Food pantries across the state are seeing increased demand for food as the COVID-19 pandemic continues, and local pantries are no different.
There was already a big increase when the pandemic began and people lost jobs, but local pantries are continuing to see increases.
Ann Kerlin of One Roof/The Coweta Community Food Pantry said that demand was up nearly 5 percent in August compared to July. And that doesn’t even count the 50 food boxes that One Roof provides every two weeks for giveaways in Arnco through the feeding ministry of Providence Baptist Church.
Kelli Yeager of Bringing the Gap said that not only is the organization seeing a continued increase in new families every week, “but we’re also seeing people who had not come in a year or two who are returning to get food now.”
“Most report having lost a job through furlough, forced retirement or their employer closing its doors for good,” Yeager said.
Karhma Novak of The I-58 Mission in Senoia said that the organization went from serving roughly 50-75 families a week before the pandemic to serving 125-150 families a week. That’s an increase from 9,000 pounds of food to 23,000 pounds of food, she said.
I-58’s increase has been steady since March, Novak said, but she’s seeing five to 10 new families per week.
All that demand is pinching supply at I-58. “I’ve never seen the shelves this empty. God is literally providing week by week,” Novak said. A recent food drive by Cornerstone UMC helped I-58 feed approximately 40 families, she said.
People can help I-58 by being a part of the ministry’s Facebook community to see weekly needs, Novak said. Items can be dropped off at the ministry, 2450 Highway 85, Senoia, from 10 a.m. to 2 p.m. Monday through Wednesday, or they can be shipped directly. Financial support can be sent by check or PayPal to firstname.lastname@example.org .
Sharing the load
Kerlin said that the demand on the primary food pantries would likely be higher, if it weren’t for other organizations sharing the load.
“Additional nonprofits and churches are providing food this season,” Kerlin said. “The Housing Authority has stepped up under Alfrieda Thomas' leadership to feed its communities, Salvation Army is providing more food than ever, and Sisters for Society is also out there serving many needs of their clients, for example.”
One Roof has joined Midwest Food Bank, which provides fresh fruits and vegetables, milk and sometimes chicken. The pantry has also been accepted into the Atlanta Community Food Bank.
With the additional resources, One Roof is giving out more food to each family. “Our folks receiving food get a dry goods box containing about 25-30 pounds of canned or bagged food depending on family size, a gallon of milk, several bread and/or desert items, and a box of fresh vegetables when we have them,” Kerlin said.
One Roof then purchases additional proteins for more well-rounded meals, including eggs and chicken.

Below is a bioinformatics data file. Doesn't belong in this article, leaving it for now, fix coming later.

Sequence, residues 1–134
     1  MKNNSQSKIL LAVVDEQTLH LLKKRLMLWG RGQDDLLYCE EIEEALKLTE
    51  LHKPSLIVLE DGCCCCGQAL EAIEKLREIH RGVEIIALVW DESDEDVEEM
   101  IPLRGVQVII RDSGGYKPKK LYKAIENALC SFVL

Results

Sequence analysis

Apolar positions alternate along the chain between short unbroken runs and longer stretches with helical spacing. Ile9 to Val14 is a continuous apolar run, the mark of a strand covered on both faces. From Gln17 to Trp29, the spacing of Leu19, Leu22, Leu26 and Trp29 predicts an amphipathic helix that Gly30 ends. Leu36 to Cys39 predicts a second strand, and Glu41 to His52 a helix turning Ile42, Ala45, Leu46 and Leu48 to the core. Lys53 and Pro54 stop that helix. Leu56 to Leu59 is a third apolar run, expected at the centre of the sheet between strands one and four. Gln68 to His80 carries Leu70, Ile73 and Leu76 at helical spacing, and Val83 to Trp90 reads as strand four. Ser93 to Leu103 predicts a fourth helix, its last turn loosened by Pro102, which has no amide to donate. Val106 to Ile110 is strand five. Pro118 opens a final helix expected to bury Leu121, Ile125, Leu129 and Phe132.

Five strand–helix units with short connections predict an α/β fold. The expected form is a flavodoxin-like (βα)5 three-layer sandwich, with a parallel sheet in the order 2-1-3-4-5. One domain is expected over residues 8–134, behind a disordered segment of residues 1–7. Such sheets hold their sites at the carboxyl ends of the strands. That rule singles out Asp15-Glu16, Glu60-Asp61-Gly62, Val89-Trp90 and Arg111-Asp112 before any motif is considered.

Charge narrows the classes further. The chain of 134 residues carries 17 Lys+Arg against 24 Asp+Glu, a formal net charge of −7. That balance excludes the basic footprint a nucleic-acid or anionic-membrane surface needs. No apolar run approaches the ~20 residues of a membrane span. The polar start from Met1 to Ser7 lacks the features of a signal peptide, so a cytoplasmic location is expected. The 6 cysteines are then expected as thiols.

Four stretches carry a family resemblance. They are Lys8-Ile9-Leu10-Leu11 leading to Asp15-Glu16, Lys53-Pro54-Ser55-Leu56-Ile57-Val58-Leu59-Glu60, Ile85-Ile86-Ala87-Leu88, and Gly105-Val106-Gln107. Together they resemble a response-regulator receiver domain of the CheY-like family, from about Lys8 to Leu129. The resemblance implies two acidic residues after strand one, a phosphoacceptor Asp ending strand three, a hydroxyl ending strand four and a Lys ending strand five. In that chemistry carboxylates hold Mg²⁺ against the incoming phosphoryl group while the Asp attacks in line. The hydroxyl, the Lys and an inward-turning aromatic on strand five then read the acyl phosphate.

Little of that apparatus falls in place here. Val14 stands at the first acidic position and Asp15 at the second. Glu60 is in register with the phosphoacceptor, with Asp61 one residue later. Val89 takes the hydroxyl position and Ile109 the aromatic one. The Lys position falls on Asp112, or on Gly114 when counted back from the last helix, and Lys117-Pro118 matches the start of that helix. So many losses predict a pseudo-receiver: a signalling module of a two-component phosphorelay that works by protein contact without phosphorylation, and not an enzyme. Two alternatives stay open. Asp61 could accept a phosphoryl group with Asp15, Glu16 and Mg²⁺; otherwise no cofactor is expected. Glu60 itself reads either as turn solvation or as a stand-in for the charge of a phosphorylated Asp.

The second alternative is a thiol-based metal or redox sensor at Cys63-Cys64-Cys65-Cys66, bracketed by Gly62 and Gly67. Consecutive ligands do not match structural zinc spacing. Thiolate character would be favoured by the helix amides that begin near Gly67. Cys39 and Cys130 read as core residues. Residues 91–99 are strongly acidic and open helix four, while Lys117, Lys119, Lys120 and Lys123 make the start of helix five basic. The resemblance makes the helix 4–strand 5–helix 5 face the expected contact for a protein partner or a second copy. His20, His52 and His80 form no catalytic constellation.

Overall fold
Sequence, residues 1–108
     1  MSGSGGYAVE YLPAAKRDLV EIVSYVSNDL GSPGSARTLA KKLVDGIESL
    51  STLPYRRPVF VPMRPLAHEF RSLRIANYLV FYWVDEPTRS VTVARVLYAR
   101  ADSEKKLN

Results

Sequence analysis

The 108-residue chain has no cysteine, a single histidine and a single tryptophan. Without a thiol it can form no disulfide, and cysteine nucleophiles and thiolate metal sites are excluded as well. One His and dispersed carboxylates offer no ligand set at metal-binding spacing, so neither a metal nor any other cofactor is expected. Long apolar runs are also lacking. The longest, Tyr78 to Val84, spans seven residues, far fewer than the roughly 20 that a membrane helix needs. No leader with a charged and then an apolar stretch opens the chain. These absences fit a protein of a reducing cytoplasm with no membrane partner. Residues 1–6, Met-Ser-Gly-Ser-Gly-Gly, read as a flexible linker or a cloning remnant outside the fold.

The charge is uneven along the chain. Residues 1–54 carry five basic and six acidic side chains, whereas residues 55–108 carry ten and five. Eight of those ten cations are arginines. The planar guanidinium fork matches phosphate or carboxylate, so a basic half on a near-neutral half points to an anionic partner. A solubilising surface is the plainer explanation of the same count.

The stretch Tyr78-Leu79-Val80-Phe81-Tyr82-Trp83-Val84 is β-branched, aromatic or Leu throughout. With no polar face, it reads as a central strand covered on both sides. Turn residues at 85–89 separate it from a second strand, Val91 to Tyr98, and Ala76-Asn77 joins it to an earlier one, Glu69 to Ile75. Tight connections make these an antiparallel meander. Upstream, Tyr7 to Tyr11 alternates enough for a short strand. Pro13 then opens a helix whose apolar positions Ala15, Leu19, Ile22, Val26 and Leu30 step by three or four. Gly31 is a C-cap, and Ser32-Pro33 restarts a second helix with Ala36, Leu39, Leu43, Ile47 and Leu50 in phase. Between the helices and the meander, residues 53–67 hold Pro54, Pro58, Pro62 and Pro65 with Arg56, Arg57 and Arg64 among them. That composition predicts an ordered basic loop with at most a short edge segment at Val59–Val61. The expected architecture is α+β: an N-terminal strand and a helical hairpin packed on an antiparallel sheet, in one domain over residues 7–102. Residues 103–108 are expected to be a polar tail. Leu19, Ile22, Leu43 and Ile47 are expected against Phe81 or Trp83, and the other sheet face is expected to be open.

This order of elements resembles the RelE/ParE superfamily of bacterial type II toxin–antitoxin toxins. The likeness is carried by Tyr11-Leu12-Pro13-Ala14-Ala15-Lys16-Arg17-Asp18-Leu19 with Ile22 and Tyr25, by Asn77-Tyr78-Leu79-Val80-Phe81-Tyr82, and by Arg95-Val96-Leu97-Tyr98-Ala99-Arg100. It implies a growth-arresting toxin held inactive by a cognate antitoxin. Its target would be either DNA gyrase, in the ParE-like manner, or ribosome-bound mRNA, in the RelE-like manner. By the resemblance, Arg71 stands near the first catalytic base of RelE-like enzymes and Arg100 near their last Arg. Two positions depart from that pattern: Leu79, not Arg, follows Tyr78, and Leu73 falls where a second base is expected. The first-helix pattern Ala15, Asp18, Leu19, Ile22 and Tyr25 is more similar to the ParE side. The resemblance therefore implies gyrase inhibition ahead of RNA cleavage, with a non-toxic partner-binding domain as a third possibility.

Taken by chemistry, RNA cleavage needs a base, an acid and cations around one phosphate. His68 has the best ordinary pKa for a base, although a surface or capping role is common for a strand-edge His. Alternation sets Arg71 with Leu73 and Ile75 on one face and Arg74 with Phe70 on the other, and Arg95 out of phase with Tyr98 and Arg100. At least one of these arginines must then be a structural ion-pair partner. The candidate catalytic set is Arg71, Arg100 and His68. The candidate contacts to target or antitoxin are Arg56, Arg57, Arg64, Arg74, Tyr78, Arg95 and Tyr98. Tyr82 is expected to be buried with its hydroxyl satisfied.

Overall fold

Currently, One Roof is having some issues with its walk-in freezer, which has been repaired multiple times.
End of unemployment supplement a big driver
Some of the more recent increase is likely associated with the end of the federal unemployment insurance supplement, which was giving everyone who received unemployment an additional $600 per week. Without it, the maximum unemployment payment is $365 before taxes. A new federal supplement, of $300 a week, was approved in August but only lasted six weeks. Georgians are receiving that $1,800 in two lump-sum disbursements.
“We have definitely experienced that,” Yeager said of an increase since the unemployment supplement ran out. The organization is also concerned about impending evictions. An executive order from the Centers for Disease Control and Prevention offers tenants a way to stay evictions through the end of the year. Tenants must fill out a declaration form to take advantage of the moratorium – and all back rent will be due at the first of the year.
Worries about the future
So things could get much worse in January. There are also concerns about the federal program that temporarily waives Social Security and Medicare taxes – commonly called payroll taxes – but only temporarily, and employees will have to pay the waived taxes back with their 2020 tax filing. Many private employers are choosing not to participate in the program, she said.
“So we’re a little concerned,” Yeager said. “I would rather be prepared for the worst and have it not happen, than to have it happen and not be prepared.”
Yeager said that about 38 percent of Bridging the Gap’s clients during the pandemic have been new clients. On Tuesday, she saw 10 new families.
Yeager said what she’s hearing is that people’s companies went out of business or they were forced into early retirement.
She’s also seeing an increase in senior citizens, as well as clients who are starting to come more frequently.
Yeager said when she and staff talk to the returning clients, they’ll say things like, “I knew I could make it on what I had, and I know there is a lot of need. I wanted to make sure there was enough for the other people who needed it.”
“By and large, that was the response we were getting,” Yeager said.
More than half of the families BTG sees are headed by a single mother, and 77 percent of the individuals BTG serves are children, the elderly or disabled.
In addition to the food distribution held each Saturday, BTG also delivers food to clients who are unable to attend the weekly food distribution. And more drivers are needed to make those deliveries on Tuesdays and Fridays, Yeager said. To volunteer, visit handsonatlanta.org , type in BTG Community Outreach, and click on “food delivery volunteer.”